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HMRC internal manual

VAT Finance Manual

Money (including transfer of money) and related services: foreign exchange (forex): how do businesses conduct forex transactions?

Essentially the way forex can be transacted is either with “cash”, “spot” or “forward” transactions. The way the businesses benefits from such transactions is either from a “spread” or “commission”. Forex deals are not traded on an exchange and are referred to as “over the counter - OTC” deals.

What is cash forex?

These are purchases (physical) of foreign currency transacted by the exchange of cash (or other immediate payment methods, i.e. cheques, debit cards, credit cards, etc) generally through an MSB.

What is a spot?

A spot transaction/deal is a straightforward exchange of one currency for another. The spot rate is the current market rate.

For market makers, brokers or other forex dealers etc, the ‘spot’ value date is, by convention, on the second business day (a valid business day is a normal working day in the financial centres for both currencies in the transaction) after the trading/deal date. These deals are sometimes referred to as “spot next” deals, i.e. deals starting on the spot date and maturing on the next working day.

What is a Market Maker?

A market maker is someone (generally a large bank) who will quote at all times for other banks and their customers both a rate at which they are willing to buy (the bid) and a rate at which they are willing to sell (the offer, or, ask), a “two way quote”, agreed amounts of any currency for which they are making a market.

Market makers will typically have a dealing room or trading floor where deals will be struck by telephone or by electronic means. Such dealing rooms will be equipped with a range of monitors supplying global information on the movements in financial markets that will influence positions market makers will want to take.

What is a spread?

A spread is the difference between the bid rate and the sell (offer) rate and it is from this difference that someone dealing in forex will look to make their profit.

The spread is most obvious when looking at the exchange rates displayed at an MSB, but for the major dealers the bid and offer quotes for most currencies are carried down to the fourth decimal point. On more volatile currency markets the spread can be small; convention on the spot GBP/US$ market will be as narrow as 3 “pips”, i.e. 1.9477 - 1.9474.

What is a forward?

A forward transaction differs from a spot transaction in that the delivery and sale of currencies are completed only on a future value date, with the amounts, however, being fixed by reference to the rates of exchange agreed on the deal date. They are quoted as “forward points” referenced to the spot rate at the time that the trade is fixed.

Historically forward forex contracts came about as a means of giving some certainty in commercial terms to both producers and buyers of commodities and for wider trading reasons but have evolved as a tradable financial instrument in their own right and an integral part of the forex market.

Whilst in any contract there is an exchange of currencies, each party will tend to see themselves in a ‘buy’ or ‘sell’ position depending on what each is seeking to achieve commercially or how each might be speculating as to how the forex market will move.

A basic example would be a business that knows it will need to settle a supplier’s account in USD in say, three months time. If the USD is expected to strengthen against sterling (GBP), the business knows that in three months its costs will be higher in GBP terms. By entering now into a forward purchase of USD, it can limit any additional costs that might result from that adverse currency fluctuation.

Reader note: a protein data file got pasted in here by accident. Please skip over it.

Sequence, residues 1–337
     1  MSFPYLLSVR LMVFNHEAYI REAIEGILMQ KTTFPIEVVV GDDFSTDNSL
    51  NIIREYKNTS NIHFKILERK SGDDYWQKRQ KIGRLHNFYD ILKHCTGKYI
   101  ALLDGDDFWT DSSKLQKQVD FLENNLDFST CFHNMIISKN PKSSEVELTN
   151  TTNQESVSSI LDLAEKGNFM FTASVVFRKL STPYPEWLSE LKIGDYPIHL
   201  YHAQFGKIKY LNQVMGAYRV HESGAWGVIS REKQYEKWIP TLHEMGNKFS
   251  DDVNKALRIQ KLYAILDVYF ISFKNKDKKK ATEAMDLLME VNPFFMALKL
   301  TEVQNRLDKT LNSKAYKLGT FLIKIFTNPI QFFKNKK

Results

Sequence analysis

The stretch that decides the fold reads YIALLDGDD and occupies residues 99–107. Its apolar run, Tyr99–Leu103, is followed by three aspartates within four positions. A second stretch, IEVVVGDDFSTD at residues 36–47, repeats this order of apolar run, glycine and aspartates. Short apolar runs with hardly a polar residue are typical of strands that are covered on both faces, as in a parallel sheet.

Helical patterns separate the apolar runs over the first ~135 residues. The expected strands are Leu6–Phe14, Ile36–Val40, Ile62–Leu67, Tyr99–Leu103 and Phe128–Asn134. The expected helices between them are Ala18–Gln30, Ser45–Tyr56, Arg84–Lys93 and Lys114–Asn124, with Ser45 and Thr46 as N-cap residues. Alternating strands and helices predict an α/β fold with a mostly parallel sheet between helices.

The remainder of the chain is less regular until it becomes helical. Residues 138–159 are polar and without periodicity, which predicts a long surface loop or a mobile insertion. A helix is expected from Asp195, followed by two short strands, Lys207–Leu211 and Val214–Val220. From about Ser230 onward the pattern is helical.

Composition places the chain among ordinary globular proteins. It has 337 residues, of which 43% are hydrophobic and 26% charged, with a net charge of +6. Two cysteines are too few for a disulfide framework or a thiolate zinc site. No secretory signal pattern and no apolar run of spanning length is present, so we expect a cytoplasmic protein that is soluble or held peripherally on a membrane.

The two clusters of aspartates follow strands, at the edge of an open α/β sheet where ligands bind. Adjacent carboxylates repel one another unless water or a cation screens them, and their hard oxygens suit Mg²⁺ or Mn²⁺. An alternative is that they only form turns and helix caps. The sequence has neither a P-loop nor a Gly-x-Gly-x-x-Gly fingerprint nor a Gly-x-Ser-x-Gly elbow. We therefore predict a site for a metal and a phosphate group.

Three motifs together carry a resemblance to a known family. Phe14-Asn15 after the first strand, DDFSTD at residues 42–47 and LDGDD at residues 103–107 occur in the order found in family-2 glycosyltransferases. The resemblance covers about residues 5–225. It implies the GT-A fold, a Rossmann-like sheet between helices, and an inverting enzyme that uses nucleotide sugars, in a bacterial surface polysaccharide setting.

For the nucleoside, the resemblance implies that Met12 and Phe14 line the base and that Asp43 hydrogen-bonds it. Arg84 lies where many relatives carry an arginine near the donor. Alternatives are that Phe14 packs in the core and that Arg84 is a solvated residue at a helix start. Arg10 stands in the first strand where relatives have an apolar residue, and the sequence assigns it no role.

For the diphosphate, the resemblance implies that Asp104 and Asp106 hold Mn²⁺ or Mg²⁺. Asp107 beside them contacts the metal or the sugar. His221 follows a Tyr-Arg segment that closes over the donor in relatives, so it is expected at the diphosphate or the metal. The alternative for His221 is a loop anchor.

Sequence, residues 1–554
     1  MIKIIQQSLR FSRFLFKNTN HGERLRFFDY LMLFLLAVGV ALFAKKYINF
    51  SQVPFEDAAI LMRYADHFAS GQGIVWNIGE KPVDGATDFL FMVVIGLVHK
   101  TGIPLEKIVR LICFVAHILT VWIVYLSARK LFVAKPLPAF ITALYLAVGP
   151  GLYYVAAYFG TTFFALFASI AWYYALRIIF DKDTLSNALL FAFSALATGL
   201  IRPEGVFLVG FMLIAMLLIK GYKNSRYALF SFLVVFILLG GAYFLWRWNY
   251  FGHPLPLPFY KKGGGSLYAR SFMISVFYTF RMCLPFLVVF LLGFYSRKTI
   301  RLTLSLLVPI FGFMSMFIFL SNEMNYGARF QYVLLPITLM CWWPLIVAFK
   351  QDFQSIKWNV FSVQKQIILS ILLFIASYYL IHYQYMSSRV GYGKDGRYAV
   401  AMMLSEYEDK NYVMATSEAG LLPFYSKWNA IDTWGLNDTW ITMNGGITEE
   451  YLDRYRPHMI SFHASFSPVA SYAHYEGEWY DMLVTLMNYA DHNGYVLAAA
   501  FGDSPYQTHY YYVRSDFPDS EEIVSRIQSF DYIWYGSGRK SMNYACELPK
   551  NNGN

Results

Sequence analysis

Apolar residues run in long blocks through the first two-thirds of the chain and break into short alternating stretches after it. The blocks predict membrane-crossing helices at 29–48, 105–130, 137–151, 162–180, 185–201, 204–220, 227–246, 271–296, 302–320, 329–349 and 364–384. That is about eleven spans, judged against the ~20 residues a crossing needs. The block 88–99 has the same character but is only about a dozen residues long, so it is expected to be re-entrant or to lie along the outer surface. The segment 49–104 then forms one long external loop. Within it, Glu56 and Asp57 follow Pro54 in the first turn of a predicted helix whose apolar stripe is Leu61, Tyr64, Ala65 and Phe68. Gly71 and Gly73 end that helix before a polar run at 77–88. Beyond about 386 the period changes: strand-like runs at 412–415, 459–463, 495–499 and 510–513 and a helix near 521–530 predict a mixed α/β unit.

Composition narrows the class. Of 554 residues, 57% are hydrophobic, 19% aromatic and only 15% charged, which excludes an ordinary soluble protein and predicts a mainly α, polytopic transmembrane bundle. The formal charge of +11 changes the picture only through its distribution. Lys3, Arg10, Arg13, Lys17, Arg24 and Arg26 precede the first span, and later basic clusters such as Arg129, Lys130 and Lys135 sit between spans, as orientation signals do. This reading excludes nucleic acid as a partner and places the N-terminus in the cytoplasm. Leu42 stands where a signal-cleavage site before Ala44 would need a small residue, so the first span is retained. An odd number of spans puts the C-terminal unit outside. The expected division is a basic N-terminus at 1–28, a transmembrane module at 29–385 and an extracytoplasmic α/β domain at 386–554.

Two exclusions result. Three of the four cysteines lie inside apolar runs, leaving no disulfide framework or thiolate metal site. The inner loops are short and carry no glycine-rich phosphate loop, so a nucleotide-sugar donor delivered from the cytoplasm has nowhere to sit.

What are ‘open’ and ‘closed’ positions?

These terms can used in relation to both spot and forward transactions but are more readily understood in relation to forwards.

In the basic example at the previous paragraph, our business holds an ‘open’ position as it will allow the transaction to run to maturity in order to gain the benefit of the position taken and receives the dollars it needs at an advantageous rate to that which it might otherwise have been obliged to pay against the spot rate of the day.

If however our business at the end of the first month saw the USD start to rapidly weaken against GBP, it might conclude that if it retained its open position it would be disadvantaged against what the eventual spot price might be when it was due to settle its USD liability. It would then take out a sale for the same amount of USD to mature at the same time as its buy contract. This would ‘close out’ its position at some cost in terms of the forward points difference but would have the effect of limiting that cost of the reversed currency fluctuation.

If the currency market was particularly volatile during the three month period described above, our business might enter into a series of forward contracts, constantly changing it’s open or closed position. Such activity can be referred to as ‘hedging’.

A major forex dealer during it trading time zone, will be constantly monitoring its holding of different currencies, its position on forwards and what its sees as its risk or exposure to currency movements. It will often at the close of business, look to lock in profit, restrict any loss, or, limit its overnight exposure by closing its various positions through further spot or forward deals. Again this activity can be described as ‘hedging’.

What about fees or commission?

Fees or commissions will be levied by forex broking companies and are clearly linked to pre-agreed charging scales.

This is not a common practice for banks. Sometimes banks will apply a fee or commission because there is a particular added value to a bespoke service or it is seen as having some boutique or exotic nature.